Like any parasite, a tapeworm needs its host to keep it alive. When you eat food, the tapeworm gets its share and grows bigger as a result. And since there have been reports of some tapeworms getting up to 20 feet long, you can imagine just how much food the tapeworm needs to stay alive.

There was a time when you could buy tapeworm eggs with the intended purpose of ingesting them so that they would help you keep your figure. Tapeworms were a weight loss tool because as the parasite grows bigger, you need to consume massive amounts of calories just to maintain your weight. So if you eat normally you’ll actually lose weight because the tapeworm is consuming most of your food. In a very perverse way, and if you don’t think about it too hard, it sounds like a good idea. The problem of course is that not only do you have a massive and parasitic worm in your stomach, it’s going to continue to consume your food and get bigger, requiring you to eat more and more just to stay alive. Not only that, having the tapeworm leads to all manner of physical ailments because you’re unable to absorb nutrients properly any longer. You’ll feel nausea, weakness, abdominal pain, dizziness and more.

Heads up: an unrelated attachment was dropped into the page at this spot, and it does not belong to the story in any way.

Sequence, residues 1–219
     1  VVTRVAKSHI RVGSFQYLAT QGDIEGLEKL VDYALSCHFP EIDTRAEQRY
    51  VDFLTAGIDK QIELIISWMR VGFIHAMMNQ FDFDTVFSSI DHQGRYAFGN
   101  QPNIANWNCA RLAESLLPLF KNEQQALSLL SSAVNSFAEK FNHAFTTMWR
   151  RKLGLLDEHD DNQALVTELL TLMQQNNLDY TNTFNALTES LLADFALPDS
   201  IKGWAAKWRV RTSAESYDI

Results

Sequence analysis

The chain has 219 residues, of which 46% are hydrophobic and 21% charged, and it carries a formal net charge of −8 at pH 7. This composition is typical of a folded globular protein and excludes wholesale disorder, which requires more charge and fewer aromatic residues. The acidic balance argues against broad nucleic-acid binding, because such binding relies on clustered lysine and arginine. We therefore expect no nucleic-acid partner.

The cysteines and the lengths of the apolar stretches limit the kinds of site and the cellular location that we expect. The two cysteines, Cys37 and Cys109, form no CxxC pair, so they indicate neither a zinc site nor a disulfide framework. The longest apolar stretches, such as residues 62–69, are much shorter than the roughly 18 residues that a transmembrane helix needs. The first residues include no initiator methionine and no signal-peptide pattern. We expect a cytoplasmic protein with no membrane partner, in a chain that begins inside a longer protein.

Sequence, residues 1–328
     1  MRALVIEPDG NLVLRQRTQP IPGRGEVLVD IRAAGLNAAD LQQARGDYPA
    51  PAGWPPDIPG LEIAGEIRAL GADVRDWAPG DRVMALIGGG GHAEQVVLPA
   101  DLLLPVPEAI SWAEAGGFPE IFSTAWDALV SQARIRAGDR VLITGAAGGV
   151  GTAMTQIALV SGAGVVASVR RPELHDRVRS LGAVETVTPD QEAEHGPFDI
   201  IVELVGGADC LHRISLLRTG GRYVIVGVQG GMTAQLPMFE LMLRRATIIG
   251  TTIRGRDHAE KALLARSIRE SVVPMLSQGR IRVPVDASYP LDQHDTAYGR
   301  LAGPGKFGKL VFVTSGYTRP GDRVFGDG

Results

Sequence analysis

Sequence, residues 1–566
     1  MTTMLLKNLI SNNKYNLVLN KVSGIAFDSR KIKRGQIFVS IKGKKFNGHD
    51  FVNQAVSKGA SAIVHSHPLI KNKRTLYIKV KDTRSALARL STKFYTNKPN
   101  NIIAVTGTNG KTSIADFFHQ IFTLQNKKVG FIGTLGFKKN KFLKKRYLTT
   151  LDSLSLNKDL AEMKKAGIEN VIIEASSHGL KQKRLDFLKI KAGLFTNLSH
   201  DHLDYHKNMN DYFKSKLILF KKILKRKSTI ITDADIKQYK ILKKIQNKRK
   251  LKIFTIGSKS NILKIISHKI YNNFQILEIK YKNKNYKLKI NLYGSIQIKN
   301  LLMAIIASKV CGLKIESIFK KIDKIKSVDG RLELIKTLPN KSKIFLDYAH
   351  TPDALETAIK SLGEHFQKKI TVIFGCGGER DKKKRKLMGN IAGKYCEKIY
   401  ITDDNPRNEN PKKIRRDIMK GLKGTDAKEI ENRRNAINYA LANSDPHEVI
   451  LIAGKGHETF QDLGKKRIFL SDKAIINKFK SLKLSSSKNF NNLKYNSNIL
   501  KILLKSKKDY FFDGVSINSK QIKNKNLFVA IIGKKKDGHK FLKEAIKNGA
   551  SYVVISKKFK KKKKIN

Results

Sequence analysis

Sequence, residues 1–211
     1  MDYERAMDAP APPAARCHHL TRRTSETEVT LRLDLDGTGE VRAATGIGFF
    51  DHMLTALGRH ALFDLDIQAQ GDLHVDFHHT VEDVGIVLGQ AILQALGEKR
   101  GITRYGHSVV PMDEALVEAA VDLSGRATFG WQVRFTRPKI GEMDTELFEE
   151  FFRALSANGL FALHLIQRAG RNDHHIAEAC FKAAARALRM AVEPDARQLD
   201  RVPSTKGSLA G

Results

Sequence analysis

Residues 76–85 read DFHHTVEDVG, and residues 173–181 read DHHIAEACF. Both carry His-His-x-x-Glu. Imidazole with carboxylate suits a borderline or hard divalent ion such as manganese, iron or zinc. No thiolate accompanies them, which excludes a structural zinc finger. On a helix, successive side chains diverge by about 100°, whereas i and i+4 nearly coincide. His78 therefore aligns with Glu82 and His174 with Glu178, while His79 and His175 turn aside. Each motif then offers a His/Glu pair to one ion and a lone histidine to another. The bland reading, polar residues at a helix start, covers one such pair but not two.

2. Alum

Alum is the common name for potassium alum. If you’ve ever seen those deodorant crystals for sale, that’s what it was probably made from. It’s also a component in baking powder so it does have a place in the food world. The problem is that it needs to be used safely and you should only be getting small amounts of it, if you’re ingesting any of it at all. Potassium alum and sodium aluminum sulfate, which is also a type of alum, are occasionally used in baking powders and for pickling. It’s approved as a food additive by the FDA, but it has to meet the correct standards. It could only be used in very small amounts.